During her trip to the South West, Minister Coffey also visited Saunton Sands beach to look at possible areas for the third tranche of the Government’s Marine Conservation Zones to protect important species and marine habitats around our coast.
Government has already protected nearly 8,000 square miles of important marine habitats, with the total number of MCZs in waters around England now 50.

Watch as the environment minister sieves for nerdles at Croyde - Breaking news & sport in Devon | North Devon Gazette

This is what nerdles are doing to our beaches:

Most British Beaches Found 

to Be Polluted With Deadly 


Christianna Reedy


Britain’s beaches are covered with with tiny — but potentially deadly — plastic beads. These beads, called  “nurdles,” were found on almost 75 percent of 279 UK beaches that were recently surveyed.
These colorful, lentil-sized pellets might go largely unnoticed by us beach bums, but they can cause damage to birds and fish who mistake them for lunch. Additionally, the toxic chemicals nurdles release as they degrade, such as bisphenol A and polystyrene, can harm wildlife native to oceans and seashores, according to a study reported in the Journal of Chemical and Pharmaceutical Sciences.
Nurdles are used to make larger plastic objects and are notorious for falling off of cargo ships during transport. The plastic pelts have been estimated to make up 10 percent of the 165 million tons of plastic that is estimated to pollute our oceans.
Credit: Futurism
The survey (called “The Great Winter Nurdle Hunt”) was conducted by Brits who are eager to clean up their beaches. The volunteers who collected the most nerdles scoured Widemouth Bay, located in southern England, to find about 127,500 of the pellets on the 100-meter (328-foot) stretch of beach. All in all, the UK’s environment gets polluted with up to 53 billion nurdles every year, campaigners estimate.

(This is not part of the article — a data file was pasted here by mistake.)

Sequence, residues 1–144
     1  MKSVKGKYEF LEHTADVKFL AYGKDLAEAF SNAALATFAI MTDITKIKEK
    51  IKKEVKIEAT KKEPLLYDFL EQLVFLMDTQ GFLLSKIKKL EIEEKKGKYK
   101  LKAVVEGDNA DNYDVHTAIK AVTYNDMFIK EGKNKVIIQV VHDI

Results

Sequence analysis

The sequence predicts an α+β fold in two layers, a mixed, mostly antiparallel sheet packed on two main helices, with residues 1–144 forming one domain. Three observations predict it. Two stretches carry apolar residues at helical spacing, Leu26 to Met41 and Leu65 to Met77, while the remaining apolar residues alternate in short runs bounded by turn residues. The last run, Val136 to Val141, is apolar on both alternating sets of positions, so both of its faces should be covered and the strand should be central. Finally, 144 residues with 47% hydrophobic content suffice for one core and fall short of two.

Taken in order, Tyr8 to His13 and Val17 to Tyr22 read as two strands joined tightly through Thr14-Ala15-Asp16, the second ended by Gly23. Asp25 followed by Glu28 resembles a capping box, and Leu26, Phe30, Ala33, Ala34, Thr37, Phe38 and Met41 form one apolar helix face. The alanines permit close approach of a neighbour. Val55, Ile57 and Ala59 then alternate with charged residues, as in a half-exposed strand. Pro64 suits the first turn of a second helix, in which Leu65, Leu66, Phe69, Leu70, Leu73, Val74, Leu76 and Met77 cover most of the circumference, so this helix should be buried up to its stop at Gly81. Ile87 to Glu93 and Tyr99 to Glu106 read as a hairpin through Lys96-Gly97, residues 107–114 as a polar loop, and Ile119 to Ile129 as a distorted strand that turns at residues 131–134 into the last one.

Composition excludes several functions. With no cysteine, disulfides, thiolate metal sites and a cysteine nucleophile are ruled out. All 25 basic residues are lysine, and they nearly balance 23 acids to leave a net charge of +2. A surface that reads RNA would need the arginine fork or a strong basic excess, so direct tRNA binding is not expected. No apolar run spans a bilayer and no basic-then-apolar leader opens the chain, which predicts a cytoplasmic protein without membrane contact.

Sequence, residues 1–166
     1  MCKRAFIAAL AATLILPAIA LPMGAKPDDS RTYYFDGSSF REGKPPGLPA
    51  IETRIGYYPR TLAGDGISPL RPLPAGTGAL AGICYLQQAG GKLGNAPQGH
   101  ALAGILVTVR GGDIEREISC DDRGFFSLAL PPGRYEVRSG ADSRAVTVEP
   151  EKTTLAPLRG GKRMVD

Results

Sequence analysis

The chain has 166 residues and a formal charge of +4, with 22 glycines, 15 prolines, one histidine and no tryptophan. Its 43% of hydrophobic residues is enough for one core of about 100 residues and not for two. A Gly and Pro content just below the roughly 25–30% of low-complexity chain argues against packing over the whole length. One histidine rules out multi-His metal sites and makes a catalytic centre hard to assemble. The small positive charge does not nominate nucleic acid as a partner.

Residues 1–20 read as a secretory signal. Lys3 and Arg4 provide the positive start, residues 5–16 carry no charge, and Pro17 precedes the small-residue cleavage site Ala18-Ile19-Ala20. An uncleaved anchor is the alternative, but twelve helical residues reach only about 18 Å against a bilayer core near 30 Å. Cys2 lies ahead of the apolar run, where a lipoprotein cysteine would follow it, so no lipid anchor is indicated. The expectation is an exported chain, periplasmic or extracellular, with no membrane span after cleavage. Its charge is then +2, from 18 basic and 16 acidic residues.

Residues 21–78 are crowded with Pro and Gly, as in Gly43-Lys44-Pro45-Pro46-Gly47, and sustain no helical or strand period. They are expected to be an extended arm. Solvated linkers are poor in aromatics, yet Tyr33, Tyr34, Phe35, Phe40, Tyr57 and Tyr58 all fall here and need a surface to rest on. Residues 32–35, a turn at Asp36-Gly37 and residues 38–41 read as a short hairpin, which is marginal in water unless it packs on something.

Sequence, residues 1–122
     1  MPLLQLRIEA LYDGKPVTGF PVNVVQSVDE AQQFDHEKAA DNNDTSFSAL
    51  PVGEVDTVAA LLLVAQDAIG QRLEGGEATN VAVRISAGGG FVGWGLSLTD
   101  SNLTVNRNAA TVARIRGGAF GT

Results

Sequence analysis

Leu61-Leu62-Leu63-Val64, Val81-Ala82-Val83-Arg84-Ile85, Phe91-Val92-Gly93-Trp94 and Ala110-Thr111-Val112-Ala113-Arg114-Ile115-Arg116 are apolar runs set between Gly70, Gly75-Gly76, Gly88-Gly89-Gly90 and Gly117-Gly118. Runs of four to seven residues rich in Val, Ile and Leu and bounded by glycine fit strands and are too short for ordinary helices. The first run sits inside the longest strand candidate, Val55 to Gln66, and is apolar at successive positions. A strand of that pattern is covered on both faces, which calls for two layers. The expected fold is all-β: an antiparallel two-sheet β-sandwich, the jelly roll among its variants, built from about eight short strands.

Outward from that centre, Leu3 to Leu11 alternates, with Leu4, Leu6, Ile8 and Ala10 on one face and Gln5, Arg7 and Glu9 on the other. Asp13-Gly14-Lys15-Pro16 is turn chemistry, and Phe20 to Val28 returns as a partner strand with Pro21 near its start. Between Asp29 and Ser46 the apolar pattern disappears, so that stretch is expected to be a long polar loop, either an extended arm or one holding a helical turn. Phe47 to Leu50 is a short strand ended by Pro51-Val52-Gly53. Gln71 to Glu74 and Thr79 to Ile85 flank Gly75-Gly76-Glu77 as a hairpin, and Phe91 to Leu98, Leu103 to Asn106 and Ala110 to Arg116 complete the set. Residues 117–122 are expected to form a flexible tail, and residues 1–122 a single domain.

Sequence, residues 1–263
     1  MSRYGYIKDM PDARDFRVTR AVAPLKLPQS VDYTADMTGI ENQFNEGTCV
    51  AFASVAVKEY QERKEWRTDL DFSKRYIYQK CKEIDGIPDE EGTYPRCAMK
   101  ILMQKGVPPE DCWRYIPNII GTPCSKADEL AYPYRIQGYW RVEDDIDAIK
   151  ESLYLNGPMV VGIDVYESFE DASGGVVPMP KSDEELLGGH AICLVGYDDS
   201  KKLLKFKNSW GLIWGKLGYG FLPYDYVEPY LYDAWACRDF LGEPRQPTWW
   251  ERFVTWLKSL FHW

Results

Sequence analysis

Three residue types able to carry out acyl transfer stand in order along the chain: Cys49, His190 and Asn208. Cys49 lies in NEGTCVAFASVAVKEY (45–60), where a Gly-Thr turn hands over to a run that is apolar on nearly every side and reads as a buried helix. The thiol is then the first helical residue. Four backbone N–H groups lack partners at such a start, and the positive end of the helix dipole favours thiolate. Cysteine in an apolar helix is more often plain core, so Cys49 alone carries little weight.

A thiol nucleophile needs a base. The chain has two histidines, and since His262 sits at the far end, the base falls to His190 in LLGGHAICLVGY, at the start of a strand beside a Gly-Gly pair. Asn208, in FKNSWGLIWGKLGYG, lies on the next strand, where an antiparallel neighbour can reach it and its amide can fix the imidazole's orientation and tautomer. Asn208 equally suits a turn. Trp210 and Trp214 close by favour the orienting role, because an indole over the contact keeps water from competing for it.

Madeleine Berg of Fidra, a Scottish environmental charity that organized the survey, said in an interview to the BBC that the hunt demonstrated that the UK government needs to take action.
“Simple precautionary measures can help spillages and ensure nurdles don’t end up in our environment,” Berg said. “We are asking the UK government to ensure best practice is in place along the full plastic supply chain, and any further nurdle pollution is stopped.”
Plastic waste is not just a UK problem, but a global one that requires every nation to step up. In 2015, the United States passed a Bill banning the use of microbeads in FDA-approved products as a measure to protect US waterways. However, critics say more needs to be done to regulate plastic pollution and hold countries accountable for the environmental impact their waste has on other countries.
Recently, scientists declared a new geological age, one that is determined by the influence of humans, like the ones polluting our waters with plastic. The Anthropocene epoch is said to be a “new age of man,” signifying the intense influence human activity is having on the future geological record. At some point, we must ask ourselves – is this how we want to be remembered?

Most British Beaches Found to Be Polluted With Deadly Plastic